Domestic Violence Essay Research Paper Domestic ViolenceDomestic

Domestic Violence Essay, Research Paper Domestic Violence Domestic Violence towards women is a problem in the United States that is usually over looked and almost always not noticed by Society

Domestic Violence Essay, Research Paper

Domestic Violence

Domestic Violence towards women is a problem in the United States

that is usually over looked and almost always not noticed by Society

today. Violence is defined by the Riverside Webster’s Dictionary (p.755)

as: 1. Physical force employed so as to damage or injure. 2. As an

instance of violent action. If this is the case than why is it that so

many women are beaten by loved ones each year and little or nothing is

done to correct this violent and hostile situation? In this paper I will

attempt to answer this question along will a slue of others which pl aque

women in these war zones each day.

“The battered women is pictured by most people as a small, fragile,

haggard person who might once have been pretty. She has several small

children, no job skills, and is economically dependent on her husband. It

is frequently assumed that she is poor and

from a minority group. She is accustomed to living in violence, and her

fearfulness and passivity are emphasized above all. Although some battered

women do fit this description, research proves it to be false

stereotype.”(Walker p.18) In fact most batte red women have highly

lucrative jobs such as doctors or lawyers, Corporation executives and

nurses. Most are heavy set women whose assets are controlled by there

husbands and cannot defend themselves physically. Battered women are found

in all racial, rel igious and ethical backgrounds as well as age groups

and educational levels. ”Who are battered women? If you are a women,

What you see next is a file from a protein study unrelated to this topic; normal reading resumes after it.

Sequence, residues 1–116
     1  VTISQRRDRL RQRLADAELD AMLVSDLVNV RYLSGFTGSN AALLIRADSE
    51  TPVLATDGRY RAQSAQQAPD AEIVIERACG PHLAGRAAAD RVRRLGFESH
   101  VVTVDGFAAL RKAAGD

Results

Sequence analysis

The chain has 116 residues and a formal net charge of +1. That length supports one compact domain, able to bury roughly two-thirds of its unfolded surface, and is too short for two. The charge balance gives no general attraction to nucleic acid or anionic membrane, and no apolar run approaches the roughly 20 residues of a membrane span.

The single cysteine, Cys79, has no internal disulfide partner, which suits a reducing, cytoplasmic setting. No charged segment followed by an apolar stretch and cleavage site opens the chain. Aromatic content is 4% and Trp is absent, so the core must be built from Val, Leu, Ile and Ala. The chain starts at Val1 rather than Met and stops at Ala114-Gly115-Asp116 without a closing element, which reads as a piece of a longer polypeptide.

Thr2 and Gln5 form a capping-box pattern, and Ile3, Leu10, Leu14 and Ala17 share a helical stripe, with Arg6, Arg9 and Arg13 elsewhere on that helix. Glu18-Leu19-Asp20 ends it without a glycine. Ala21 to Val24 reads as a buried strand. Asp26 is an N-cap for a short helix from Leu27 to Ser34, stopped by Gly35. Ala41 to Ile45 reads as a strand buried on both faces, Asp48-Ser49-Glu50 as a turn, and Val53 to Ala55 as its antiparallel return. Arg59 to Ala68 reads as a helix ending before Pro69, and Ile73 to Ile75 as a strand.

there is a 50 percent chance it could be you!”(Walker p.19)

Statistical data on battered women is difficult to find because

most records are buried in medical records, domestic disturbance calls to

the police or the records of social service agencies. During my research

I found that characteristics in numerous c ategories for both the batterer

and battered were the same. Here is a list of those categories that were

the same or in a similar fashion the same for both individuals. Commonly

shared characteristics between Battered and Batterer. 1. Has low

self-esteem. 2. Believes all myths about battering relationships. 3. Is a

traditionalist about the home, strongly believes in family unity and his

or her roles in the family unit. As with the women all racial, religious,

educational levels equally represent the men, cultures socioeconomic

groups. “Batterers typically deny that they have a problem, although they

are aware of it; and they become enraged if their women should reveal t he

true situation.” (Walker p.36)

“Researchers Eisenberg and Micklow found 90 percent of the

batterers in their study had been in the military. Twenty five percent

received dishonorable discharges.” (Walker p.37) These are some alarming

facts and characteristics about both the battered a nd the batterer. I was

unable to collect any data on the cause for this percentage of violence by

men of the military. Although it being a school of violence might have

some weight on the effects of this violence on women. Some of the

reasoning behind the se acts of physical and mental neglect may be

societies acceptance of such violence. We as a society are always calling

for more violence on television in the theater and on other individuals.

We pay for these sorts of entertainment, ask the government to

apply force on other nations and as the saying goes “sex and violence

sell.” It is glorified in all forms of the media.

Why do battered women stay with there significant others? The

answer has many different angles; some stay for financial reasons others

for the traditional reasons. The fact is that they stay, but when is

enough? “After you live so many years, and you wak e up one day, and your

body has just about had it, you say, ‘My God, I just can’t take another

punch.’ That’s what happened to me. I just reached a point where I said,

‘No more. Nothing is worth it.’ I decided I would rather struggle and see

if I couldn’t

make it, so I just up and left, and that’s been it.” (Langley and Levy

p.111) This was the victim of spouse abuse for seventeen years. In another

case a women from Maryland described her experience. “Being beaten up is

the most degrading, humiliating, cr ushing kind of thing that could happen

to a person.” (Langley and Levy p.116) in most cases the women feel that

they are the ones to blame for there battering and also apologize for

being beaten. “A women’s decision to stay or go to seek help or suffer in